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James Joyce: The Finnegans Wake Notebooks at Buffalo (review)

From: Modernism/modernity
Volume 10, Number 3, September 2003
pp. 571-573 | 10.1353/mod.2003.0049

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Modernism/modernity 10.3 (2003) 571-573

James Joyce. The Finnegans Wake Notebooks at Buffalo VI.B.3, VI.B.6, VI.B.10, VI.B.14, VI.B.25, VI.B.29. Vincent Deane, Daniel Ferrer, and Geert Lernout, eds. Turnhout: Brepols, 2001-2002. $85.00 each (cloth).

On holiday in Brittany with his family in July 1924, James Joyce—supposedly getting rest and fresh air after an eye operation—escaped the increasingly bad weather by making regular visits to the Municipal Library of Saint-Malo. He took with him into the library a small notebook, with a black cloth cover and stitched binding, and as he read he jotted down notes, usually of only a few words at a time. Among the books he picked up in the library was an 1838 study of the Merlin legend, Myrdhinn ou l'enchanteur Merlin, by Théodore-Claude-Henri Hersart de La Villemarqué, one of the leading Breton scholars of his time. He wrote down the title and the shelfmark, and some time later began reading the volume—though not all at once, as his notes from it are interspersed with extensive jottings from, among other things, a book on Breton proverbs and a life of St. Patrick. After jotting down the word "Merlin" he made two notes, "vocal tomba"—a phrase from Ariosto's account of Merlin—and "S. Patrick learns Ir history / from old hag," both in response to the introductory material. His next two sessions with Villemarqué produced a slightly richer harvest, four and eight notes taken from pages 4-98, and his fourth and final session gave rise to some twenty-one notes, including such items as "(Merlin f—- wife)" and "Merlin laughs at leaf / in Ganeida's hair." By this time, his St Malo studies had filled eighty-one pages of his 232-page notebook, and by the time he returned to Paris from the Brittany holiday he had filled another seventy. So much for doctor's orders!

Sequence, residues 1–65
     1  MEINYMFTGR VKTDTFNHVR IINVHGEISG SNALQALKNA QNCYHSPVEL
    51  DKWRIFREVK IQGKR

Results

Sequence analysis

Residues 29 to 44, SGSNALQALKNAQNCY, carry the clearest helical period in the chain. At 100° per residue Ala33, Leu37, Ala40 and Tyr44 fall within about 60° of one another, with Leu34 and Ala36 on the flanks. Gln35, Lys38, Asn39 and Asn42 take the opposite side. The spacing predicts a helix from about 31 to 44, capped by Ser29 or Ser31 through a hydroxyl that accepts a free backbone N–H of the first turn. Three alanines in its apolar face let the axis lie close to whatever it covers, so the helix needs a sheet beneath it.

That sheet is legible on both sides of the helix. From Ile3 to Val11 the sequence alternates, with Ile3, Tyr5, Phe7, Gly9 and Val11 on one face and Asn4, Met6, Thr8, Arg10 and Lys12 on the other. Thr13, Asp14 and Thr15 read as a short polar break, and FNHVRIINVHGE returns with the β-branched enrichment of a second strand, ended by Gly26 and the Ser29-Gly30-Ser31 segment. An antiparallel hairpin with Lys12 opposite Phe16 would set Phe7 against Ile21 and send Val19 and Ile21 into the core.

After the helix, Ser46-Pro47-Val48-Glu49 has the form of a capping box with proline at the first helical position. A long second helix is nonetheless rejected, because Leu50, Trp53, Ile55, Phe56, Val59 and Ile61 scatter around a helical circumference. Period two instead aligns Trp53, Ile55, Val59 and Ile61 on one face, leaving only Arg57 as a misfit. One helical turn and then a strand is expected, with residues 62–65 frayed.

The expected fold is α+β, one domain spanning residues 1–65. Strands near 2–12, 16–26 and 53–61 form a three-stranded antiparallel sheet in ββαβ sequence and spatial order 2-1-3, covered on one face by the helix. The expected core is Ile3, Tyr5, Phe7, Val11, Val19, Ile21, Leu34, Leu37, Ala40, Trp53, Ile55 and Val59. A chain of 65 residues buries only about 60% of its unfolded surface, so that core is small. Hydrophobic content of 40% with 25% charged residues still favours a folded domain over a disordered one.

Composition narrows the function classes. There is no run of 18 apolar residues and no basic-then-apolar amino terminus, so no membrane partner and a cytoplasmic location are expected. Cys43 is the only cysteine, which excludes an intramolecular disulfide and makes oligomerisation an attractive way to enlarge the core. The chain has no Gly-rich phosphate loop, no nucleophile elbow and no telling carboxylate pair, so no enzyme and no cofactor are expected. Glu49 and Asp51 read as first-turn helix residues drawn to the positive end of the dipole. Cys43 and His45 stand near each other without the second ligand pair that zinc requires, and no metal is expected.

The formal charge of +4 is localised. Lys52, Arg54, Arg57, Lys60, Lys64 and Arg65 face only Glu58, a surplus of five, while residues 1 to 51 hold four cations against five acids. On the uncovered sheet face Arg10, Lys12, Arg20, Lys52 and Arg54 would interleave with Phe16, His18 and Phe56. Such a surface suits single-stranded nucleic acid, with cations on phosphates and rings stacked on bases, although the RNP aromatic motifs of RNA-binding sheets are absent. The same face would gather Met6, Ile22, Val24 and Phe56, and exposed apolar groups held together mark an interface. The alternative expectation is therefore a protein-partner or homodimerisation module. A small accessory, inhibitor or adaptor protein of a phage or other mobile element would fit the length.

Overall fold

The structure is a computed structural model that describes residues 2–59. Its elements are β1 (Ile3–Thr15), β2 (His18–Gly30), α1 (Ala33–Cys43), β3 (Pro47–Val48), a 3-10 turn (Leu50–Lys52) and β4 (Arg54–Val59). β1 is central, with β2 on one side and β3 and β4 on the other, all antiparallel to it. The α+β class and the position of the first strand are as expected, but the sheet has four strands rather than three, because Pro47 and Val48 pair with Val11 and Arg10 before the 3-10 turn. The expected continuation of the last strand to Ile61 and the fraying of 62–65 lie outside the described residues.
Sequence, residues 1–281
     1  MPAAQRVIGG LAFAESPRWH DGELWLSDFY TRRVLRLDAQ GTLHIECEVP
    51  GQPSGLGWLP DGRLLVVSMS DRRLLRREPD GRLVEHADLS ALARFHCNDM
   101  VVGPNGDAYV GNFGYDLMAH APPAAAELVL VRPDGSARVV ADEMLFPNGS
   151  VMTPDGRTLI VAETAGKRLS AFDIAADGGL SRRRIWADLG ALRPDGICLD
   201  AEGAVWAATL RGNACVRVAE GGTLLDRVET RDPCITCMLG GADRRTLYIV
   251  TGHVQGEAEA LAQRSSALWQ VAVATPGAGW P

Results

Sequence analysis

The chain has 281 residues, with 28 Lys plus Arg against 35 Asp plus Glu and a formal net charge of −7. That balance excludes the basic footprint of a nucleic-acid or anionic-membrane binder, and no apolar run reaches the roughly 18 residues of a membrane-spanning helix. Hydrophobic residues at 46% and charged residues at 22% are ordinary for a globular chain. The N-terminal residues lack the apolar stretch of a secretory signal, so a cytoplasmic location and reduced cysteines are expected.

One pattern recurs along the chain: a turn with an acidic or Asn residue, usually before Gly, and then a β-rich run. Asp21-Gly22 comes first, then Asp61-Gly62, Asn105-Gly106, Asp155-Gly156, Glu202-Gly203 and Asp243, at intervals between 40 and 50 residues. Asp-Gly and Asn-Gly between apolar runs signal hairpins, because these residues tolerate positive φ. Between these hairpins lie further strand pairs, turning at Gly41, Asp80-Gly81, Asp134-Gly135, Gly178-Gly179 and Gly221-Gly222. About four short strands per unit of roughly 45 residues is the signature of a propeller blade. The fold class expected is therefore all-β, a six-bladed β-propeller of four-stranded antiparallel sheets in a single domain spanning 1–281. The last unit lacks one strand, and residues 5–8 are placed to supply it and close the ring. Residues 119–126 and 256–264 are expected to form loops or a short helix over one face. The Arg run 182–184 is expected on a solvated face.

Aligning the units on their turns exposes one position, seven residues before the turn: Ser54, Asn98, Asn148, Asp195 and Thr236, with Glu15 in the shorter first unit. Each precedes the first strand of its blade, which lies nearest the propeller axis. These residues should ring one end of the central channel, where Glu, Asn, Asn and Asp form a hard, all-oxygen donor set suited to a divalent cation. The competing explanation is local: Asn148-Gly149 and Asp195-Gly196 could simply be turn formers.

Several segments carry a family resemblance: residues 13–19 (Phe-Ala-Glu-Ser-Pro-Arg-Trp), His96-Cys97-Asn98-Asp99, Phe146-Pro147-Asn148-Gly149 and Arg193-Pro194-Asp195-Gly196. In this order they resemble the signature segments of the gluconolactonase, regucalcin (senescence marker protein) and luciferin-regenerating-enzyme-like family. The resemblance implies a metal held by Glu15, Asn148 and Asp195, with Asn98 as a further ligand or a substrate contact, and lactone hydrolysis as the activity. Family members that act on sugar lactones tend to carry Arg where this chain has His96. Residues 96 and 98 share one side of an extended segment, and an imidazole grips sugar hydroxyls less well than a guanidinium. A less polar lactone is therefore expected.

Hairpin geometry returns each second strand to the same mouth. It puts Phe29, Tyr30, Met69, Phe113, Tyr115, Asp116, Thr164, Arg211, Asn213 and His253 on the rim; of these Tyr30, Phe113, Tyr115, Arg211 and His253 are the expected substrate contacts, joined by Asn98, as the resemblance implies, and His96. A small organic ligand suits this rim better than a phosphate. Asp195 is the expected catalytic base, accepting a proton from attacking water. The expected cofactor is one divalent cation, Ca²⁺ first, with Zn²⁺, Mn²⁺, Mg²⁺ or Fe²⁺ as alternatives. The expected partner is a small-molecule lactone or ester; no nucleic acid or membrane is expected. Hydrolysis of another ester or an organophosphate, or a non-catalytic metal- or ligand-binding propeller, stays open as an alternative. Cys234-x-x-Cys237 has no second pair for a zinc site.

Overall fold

Among the notes Joyce made during his reading of Villemarqué was the phrase "a bit torn," a somewhat free translation of "une rature du manuscrit" ("a deletion in the manuscript"). About a year and a half later, Joyce used the phrase in a draft of what was eventually to become chapter III.2 of Finnegans Wake, as part of Issy's speech as she gives a letter (or handkerchief, or paper tissue, or piece of her drawers) to Shaun, whose siglum, L, accompanies the notebook note. The final version reads: "a jennyteeny witween piece torn in one place from my hands" (458-9). When Joyce had transferred the phrase to the draft, he crossed it out in green crayon. The other notes from Villemarqué were later copied into another notebook by an assistant when Joyce could no longer read his original scrawl, but were not drawn upon in the writing of the Wake.

I've followed one very small thread, chosen more or less at random, in the vast assemblage of information presented in these six volumes; and they are only the beginning of a vaster project. Vincent Deane, Daniel Ferrer, and Geert Lernout are preparing annotated transcriptions of all the extant notebooks compiled by Joyce after the publication of Ulysses. Forty-eight notebooks containing original notes survive, together with eighteen notebooks containing copied notes. The handsome volumes present small greyscale reproductions of every page and a selection of color reproductions; and each transcribed note is accompanied, where appropriate, by an indication of any identified or hypothesized source together with a brief quotation to provide a context, and information about the use of the note in later notebooks, drafts, and the published text. Since Joyce used a different colored crayon each time he went through a notebook incorporating notes into his draft (a scrupulousness which has never been satisfactorily explained), the color of every cancellation is noted. Each volume begins with an account by one of the editors of the notebook it transcribes as well as a bibliographic description, and a number of ancillary tables add to the usefulness of the enterprise.

The editorial work in these volumes is remarkable, and the materials are beautifully presented...

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